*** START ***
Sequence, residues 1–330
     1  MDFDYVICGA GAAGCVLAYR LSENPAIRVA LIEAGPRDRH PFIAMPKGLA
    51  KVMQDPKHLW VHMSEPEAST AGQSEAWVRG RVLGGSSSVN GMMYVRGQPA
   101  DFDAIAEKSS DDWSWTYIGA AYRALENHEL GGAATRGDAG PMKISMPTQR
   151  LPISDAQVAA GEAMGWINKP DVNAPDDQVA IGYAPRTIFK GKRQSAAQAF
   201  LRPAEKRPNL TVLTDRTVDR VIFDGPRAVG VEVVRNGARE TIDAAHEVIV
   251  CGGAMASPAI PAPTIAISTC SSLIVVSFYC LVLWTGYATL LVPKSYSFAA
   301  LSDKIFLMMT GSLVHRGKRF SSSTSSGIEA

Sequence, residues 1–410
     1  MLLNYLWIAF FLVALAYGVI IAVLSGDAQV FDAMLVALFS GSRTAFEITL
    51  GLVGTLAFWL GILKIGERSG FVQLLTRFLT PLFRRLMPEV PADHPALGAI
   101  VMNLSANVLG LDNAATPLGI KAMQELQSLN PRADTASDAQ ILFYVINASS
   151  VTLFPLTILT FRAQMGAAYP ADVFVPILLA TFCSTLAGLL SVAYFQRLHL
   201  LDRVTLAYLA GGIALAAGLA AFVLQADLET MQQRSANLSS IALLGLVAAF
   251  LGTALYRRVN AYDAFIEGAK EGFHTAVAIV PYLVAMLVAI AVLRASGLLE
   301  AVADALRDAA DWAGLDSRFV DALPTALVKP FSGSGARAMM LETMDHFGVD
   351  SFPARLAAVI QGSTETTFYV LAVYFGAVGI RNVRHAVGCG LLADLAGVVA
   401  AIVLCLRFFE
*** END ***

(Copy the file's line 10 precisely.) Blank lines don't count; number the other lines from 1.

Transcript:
     1  MLLNYLWIAF FLVALAYGVI IAVLSGDAQV FDAMLVALFS GSRTAFEITL